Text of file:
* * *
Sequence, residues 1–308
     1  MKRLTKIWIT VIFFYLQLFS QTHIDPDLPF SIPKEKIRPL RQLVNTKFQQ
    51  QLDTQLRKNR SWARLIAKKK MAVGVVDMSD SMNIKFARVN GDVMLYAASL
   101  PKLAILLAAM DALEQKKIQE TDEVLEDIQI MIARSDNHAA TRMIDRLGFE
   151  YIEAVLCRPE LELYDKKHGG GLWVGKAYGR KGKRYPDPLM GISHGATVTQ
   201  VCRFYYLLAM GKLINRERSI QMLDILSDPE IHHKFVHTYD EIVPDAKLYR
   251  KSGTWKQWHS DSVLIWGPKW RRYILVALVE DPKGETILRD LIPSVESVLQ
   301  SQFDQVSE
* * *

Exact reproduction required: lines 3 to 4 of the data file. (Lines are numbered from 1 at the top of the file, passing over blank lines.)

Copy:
    51  QLDTQLRKNR SWARLIAKKK MAVGVVDMSD SMNIKFARVN GDVMLYAASL
   101  PKLAILLAAM DALEQKKIQE TDEVLEDIQI MIARSDNHAA TRMIDRLGFE